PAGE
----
The Secretary of ADORR dreads the midnight phone call from the Chairman, Ray Le Mesurier-Foster, because he half suspects what is going to be said: Ive bought another bus. So, on the 11th January 2004 the call came OK, what is it this time? Ive bought another ex-Aldershot & District Dennis E, But there arent any more left! replies Keith. WRONG!
The story is that Dennis E OT 8902 was in service until 1936, then was scrapped in 1937 and normally that would be the end of the story. How it got to Walton on Thames in Surrey is a mystery, but it did. Parked on a piece of ground by the river, the then owner decided to build a house AROUND THE BUS! So, in January this year, the demolition contractors, making way for a new development, discovered the bus buried in the house, where it been a room for 67 years. Cobham Bus Museum were informed and promptly rescued it to their garage just 5 miles away.
Thanks to the well established reputation of various restoration groups, brought together by NARTM, it was only a matter of hours before Cobham were on the phone offering the Dennis to the Aldershot & District group, which had now purchased it. Checks by Chairman Ray and colleague Brian Finch confirmed that it is OT 8902. The condition of the chassis remarkable, best explained as being frozen in time. Wheels, axles, transmission, exhaust and fuel tank are in place, though the engine and gearbox have been removed, as has the steering wheel. The body - built by Dennis - has some usable parts, the roof part of one side complete with window winders still being present. The A&D scroll can be detected under the paint.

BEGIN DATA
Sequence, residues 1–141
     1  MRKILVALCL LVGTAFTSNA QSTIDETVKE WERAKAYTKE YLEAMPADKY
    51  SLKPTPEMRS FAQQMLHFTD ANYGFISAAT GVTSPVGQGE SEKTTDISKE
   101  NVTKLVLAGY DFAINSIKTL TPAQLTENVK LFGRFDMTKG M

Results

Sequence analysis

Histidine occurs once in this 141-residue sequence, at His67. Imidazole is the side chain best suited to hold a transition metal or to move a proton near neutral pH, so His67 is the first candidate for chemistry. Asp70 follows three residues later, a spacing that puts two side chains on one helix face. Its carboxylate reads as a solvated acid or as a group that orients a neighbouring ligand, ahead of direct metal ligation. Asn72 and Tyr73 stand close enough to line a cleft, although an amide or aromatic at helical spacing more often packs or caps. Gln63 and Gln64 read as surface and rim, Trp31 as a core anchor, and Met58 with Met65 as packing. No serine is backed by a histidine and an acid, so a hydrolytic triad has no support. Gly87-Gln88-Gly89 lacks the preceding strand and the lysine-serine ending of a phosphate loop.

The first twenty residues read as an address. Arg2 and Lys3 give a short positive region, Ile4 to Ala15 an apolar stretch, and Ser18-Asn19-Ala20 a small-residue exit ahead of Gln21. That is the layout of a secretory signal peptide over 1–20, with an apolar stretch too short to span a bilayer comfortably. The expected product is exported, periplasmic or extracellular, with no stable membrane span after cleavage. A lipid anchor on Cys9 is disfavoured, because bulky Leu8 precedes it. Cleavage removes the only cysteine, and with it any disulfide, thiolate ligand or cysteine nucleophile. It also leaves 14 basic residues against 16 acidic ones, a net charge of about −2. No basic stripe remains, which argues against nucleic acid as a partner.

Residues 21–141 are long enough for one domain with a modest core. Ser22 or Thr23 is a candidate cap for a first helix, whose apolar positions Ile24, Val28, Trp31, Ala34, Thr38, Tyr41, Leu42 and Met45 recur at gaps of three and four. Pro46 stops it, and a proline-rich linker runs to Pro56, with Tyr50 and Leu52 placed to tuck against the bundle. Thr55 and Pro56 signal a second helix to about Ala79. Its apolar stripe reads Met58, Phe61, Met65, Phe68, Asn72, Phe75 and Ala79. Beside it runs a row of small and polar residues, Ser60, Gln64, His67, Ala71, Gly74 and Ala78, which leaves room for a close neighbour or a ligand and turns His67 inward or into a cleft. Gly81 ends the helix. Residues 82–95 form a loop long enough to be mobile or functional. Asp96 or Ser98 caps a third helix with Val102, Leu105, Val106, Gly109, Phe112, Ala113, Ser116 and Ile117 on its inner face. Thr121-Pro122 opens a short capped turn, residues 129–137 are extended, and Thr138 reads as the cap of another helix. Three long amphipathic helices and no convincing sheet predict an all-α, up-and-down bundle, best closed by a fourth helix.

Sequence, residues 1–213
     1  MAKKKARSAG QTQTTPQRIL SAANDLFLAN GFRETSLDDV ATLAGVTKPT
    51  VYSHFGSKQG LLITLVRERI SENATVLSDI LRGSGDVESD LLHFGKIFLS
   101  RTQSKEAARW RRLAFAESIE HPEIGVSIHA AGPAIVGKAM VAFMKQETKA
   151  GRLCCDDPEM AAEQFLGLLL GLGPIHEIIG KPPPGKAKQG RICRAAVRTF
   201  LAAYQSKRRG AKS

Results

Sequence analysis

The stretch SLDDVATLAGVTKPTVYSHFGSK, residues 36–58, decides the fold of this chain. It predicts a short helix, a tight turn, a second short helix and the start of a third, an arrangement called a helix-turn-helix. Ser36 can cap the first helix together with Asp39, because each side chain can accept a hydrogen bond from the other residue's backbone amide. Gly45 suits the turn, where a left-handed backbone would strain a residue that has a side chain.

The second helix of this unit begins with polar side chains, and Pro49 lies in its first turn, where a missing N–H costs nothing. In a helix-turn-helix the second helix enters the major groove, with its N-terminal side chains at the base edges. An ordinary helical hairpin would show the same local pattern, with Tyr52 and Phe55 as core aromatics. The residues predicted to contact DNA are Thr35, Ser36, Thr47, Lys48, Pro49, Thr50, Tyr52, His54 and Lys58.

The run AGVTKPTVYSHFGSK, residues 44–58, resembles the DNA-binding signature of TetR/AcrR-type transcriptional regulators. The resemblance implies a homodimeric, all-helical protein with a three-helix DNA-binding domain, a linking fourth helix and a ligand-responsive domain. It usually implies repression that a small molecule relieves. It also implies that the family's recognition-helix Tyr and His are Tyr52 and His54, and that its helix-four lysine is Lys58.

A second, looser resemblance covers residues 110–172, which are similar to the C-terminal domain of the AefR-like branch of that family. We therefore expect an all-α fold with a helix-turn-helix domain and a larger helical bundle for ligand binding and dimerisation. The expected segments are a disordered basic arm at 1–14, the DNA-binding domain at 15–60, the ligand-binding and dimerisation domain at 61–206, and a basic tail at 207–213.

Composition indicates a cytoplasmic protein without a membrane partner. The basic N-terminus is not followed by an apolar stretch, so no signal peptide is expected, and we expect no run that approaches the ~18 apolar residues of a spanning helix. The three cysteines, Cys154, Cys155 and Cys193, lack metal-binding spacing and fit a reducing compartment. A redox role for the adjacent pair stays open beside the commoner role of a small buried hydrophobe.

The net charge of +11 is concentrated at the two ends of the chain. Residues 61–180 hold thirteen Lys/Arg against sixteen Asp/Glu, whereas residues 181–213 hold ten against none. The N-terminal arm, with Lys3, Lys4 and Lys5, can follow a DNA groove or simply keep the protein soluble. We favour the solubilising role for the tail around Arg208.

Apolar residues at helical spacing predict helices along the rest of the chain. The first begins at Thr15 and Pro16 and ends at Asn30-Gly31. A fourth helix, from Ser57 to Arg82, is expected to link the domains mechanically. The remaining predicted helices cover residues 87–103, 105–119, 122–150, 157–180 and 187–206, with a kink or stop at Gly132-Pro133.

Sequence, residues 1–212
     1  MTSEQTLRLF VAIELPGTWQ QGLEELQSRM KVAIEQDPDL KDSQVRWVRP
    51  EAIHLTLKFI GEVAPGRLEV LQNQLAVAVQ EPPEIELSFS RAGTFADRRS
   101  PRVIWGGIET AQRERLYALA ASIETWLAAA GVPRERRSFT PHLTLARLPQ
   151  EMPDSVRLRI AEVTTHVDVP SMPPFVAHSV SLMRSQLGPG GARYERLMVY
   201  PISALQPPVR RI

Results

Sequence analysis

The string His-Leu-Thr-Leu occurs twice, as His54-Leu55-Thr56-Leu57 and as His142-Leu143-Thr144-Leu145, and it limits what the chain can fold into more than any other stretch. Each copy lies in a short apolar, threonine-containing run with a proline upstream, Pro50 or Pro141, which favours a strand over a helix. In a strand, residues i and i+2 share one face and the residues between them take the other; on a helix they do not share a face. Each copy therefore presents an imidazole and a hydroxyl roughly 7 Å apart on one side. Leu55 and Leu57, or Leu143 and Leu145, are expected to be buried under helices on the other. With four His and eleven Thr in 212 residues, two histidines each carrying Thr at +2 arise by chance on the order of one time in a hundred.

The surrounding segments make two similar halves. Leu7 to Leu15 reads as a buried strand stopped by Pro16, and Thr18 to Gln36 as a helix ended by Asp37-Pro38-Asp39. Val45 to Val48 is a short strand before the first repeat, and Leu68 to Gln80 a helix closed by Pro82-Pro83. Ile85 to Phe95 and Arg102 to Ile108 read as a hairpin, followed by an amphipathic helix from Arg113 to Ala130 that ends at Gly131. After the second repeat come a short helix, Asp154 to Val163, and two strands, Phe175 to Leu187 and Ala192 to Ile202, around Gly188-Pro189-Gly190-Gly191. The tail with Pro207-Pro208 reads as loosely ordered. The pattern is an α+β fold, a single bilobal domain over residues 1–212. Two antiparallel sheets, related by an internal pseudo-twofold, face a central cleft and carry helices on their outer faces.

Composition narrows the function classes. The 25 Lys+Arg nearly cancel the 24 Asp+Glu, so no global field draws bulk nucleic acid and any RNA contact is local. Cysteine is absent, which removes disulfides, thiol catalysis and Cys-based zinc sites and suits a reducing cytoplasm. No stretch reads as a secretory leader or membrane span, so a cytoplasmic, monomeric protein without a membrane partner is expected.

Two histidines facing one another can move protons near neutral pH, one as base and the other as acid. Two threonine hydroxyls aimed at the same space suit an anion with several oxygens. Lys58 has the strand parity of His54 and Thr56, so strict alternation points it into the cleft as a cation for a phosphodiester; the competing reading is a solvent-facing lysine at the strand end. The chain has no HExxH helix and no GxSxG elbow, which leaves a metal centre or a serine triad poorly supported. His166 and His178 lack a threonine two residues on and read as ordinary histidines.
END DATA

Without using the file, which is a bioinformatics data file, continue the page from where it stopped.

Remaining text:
After the Cobham open day in April, the vehicle will be moved to our premises in Sussex, where a full assessment will be made as to the possibility of OT 8902 being restored fairly quickly. Secretary Keith Hawkins and Engineer Chris Kent have both examined the bus and they are confident that this goal can be achieved.
1928 was a significant year for the Tracco, with no less then 29 new Dennis E types entering service as well as a number of other new vehicles. Most of these E's had Strachan and Brown bodywork, although twelve were bodied by Dennis Bros, inclining OT 8902.
The importance of this vehicle to our ever growing fleet of buses cannot be overstressed. Even more important will be raising the finance to save, store and restore these gems of Public Transport from the past. Whilst we have some funds to call on, we still need your support and help. The drama above is a real rescue story and thank God we were able to do it.